For an illustrated version, see The EnvironMentor vol 7 no 5 pp 17-18

A Pecos Bill Tall Tale

You probably know that Pecos Bill was a cowboy. Did you know that he settled down on a ranch near Fairview OK, back in the days soon after statehood?

Bill loved his cattle and horses, and he did all his own veterinary doctoring. Whenever an animal got hurt or sick, he fixed them right up. He loved wild critters too. Whenever he found a broken-wing bird or a jackrabbit with an ear torn on that new-fangled barb wire, he took them in and nursed them along until they were fit to go free and wild again.

One hot day in late spring, he was riding out near the Glass Mountains looking for a stray calf. A little wind was blowing, and he watched while a dust devil spun and spun itself into a whirlwind zig-zagging playful as a pup over the prairie. He saw it was growing into a baby tornado. It ripped leaves off of trees, it tore shingles off an old shack, and then as he watched, that fool young tornado flung herself against one of the Glass Mountains! She crashed and fell onto the glittering shards of gypsum at the foot of the mesa.

Well of course he felt sorry for her. He lifted that limp and exhausted windbag onto the horse's rump and took her home to one of his corrals.

All the rest of the summer he took care of her. He used an old telegraph pole for a splint. Fed her on tree branches and old barn doors until she was feeling fit and lively again. He even taught her to talk. You can do that, if you catch them young enough...

At last the day came: the geese were flying south. “My dear,” he said, “I think it's time for you to be on your way and rejoin your herd... flock... whatever.”

She objected, “But I can't leave until I've laid my eggs! My babies will need a nice sandy spot to hatch out next spring. Do you know of a place like that around here?”

Now Bill knew that this foolish young tornado had been by herself all summer. But then he thought of his hens, who laid their daily egg whether he had a rooster or not. 

He thought. “I know just the place: the Great Salt Plains about 20 miles north of here. Sand for miles.”

So they headed north, he on horseback, she flitting eagerly overhead. Then he watched as she zig-zagged over that huge flat valley, piercing the white salt crust with the tip of her ovipositor dozens, hundreds of times. “Ain't nature wonderful?” he mused.

When she finished, she blew him a kiss – nearly tore his hat off – and headed south for the winter. He never saw her again.

But he worried about those eggs. The next spring and summer he returned to the Salt Plains whenever he could, but he never saw so much as a little dust devil. “Just as I thought,” he said, “those eggs couldn't have been fertile.” Finally, out of curiousity, he brought a shovel and dug down through the salt crust into the damp sand. And that's where he found the crystals.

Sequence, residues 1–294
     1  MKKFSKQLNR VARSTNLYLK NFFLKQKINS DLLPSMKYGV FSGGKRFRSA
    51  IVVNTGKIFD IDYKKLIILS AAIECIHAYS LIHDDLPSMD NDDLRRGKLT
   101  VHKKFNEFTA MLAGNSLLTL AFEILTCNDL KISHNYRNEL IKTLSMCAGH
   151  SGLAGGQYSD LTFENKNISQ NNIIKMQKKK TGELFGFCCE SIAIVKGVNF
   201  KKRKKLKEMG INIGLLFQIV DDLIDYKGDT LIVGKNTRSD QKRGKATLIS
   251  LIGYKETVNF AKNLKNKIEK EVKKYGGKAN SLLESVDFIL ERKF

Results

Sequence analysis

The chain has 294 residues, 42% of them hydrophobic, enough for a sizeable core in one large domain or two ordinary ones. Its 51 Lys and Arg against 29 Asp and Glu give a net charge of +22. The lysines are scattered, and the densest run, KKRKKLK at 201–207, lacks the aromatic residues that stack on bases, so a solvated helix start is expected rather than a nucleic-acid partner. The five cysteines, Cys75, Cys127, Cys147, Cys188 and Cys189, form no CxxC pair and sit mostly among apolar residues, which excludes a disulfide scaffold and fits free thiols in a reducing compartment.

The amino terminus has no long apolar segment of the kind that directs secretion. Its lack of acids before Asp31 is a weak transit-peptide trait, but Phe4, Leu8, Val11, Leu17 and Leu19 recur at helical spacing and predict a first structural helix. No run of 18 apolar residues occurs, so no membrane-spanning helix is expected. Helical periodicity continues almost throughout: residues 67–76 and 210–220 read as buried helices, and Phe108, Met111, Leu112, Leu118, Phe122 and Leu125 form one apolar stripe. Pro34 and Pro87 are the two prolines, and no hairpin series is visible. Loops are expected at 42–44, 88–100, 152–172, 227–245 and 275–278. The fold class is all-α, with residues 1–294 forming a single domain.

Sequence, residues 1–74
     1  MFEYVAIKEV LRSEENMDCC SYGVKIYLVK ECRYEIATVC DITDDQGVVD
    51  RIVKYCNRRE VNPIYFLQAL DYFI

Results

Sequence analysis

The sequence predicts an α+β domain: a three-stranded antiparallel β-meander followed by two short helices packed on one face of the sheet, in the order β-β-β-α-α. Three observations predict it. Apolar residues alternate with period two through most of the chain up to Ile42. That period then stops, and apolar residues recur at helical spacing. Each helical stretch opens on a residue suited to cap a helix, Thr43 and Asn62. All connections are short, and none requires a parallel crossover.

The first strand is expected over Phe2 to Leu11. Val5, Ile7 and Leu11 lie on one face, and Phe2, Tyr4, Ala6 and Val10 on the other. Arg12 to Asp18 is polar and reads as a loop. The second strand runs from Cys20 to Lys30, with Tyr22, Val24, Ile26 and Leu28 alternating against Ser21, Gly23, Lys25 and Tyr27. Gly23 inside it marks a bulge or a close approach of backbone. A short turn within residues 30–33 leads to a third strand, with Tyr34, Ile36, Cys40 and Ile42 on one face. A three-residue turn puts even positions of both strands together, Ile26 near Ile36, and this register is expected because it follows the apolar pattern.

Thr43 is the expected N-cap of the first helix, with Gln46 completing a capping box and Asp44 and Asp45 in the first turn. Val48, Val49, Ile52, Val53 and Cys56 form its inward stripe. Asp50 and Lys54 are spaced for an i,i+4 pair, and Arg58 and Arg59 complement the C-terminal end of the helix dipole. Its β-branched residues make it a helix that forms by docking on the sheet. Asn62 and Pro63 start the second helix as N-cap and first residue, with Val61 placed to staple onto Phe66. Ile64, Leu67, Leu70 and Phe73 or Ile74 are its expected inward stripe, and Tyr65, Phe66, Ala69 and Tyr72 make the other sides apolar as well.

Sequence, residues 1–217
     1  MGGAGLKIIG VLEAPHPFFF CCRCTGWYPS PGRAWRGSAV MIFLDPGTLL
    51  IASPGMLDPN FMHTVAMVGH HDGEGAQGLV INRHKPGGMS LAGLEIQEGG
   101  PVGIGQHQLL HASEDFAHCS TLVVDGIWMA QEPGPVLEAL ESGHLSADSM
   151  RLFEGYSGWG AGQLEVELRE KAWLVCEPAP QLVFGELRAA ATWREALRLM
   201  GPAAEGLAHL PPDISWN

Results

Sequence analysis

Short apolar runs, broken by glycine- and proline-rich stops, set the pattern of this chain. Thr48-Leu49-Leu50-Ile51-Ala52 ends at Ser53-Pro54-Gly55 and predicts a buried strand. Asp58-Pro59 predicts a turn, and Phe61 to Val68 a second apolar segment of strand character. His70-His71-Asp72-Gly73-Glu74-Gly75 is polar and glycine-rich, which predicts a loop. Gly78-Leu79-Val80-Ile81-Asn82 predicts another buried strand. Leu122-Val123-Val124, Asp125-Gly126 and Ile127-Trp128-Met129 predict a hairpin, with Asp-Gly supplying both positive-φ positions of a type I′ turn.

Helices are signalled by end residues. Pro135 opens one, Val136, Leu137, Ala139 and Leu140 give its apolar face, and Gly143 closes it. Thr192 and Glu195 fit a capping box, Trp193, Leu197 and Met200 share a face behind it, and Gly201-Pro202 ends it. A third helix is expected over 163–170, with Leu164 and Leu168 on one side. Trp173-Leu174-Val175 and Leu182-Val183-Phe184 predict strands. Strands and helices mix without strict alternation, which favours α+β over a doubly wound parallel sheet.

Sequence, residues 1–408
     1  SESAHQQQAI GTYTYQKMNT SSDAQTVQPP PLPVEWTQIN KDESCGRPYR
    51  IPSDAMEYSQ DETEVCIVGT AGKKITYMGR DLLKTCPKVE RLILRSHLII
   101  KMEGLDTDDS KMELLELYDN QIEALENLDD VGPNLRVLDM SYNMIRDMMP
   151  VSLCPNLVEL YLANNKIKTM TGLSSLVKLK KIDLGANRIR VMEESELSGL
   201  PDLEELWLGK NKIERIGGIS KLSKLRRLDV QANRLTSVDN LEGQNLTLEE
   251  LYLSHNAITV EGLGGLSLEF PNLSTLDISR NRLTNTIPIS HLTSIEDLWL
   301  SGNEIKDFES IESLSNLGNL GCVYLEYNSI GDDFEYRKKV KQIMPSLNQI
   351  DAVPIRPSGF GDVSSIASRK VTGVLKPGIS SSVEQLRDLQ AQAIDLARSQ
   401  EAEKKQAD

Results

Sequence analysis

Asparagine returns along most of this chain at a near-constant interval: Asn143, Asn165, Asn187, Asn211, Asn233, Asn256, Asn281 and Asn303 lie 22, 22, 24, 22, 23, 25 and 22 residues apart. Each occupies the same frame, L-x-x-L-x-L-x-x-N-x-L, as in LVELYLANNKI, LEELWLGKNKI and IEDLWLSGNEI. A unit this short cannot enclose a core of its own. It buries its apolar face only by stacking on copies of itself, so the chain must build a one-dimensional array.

They were flat rectangles, clear as glass but each one marked with a redbrown X pattern that some folks might call an hourglass, but Pecos Bill knew it was really twin tornadoes joined at the tip. Minerals must have replaced the shell and contents of that tornado's eggs, the way minerals replace dinosaur bones in a fossil.

So now you know how the Great Salt Plains got its famous crystals, which are found nowhere else in the world. Thanks to Pecos Bill.



Gypsum (CaSO4·2H2O) forms selenite crystals in other parts of the world, but only in Oklahoma's Great Salt Plains National Wildlife Refuge can you find “Hourglass Selenite” with red clay inclusions shaped like mirrored tornadoes. They were designated Oklahoma's State Crystal in 2005.

This area was once a shallow sea into which the eroding Rocky Mountains drained for millions of years. As the land lifted and the seawater dried up, salts and minerals concentrated in the sandy bottom. Winter rains redissolve the minerals but as the sandy flats dry out, the crystals regrow in the sand while a fresh crust of white salt forms on top.

From April 1 to October 15, we can drive out onto marked areas of the salt flats and dig for these unique crystals. Dig gently by hand: they are fragile. And be careful, their edges are sharp enough to cut you! Because they are constantly reforming, we may each take up to ten pounds of crystals. But they may not be bought or sold.

Also, we must carefully stay within the designated areas so as not to disturb the nesting sites of many kinds of birds. Remember, this is a wildlife refuge. It's nice to know that our digging helps to feed the birds: brine flies breed in the water-filled holes we leave behind. And some birds nest on the dirt mounds of previous digging sites.


STORY source: I invented this story to add interest to the selenite crystals I took to Japan last November, as gifts for my storytelling colleagues there. The crystals were perfect as unique items from Oklahoma, but I worried that their sandy red clay appearance might not appeal to my fastidious Japanese friends. However they loved the “tornado egg” story, and were reassured that these fossilized eggs would never hatch in their homes.

FACT sources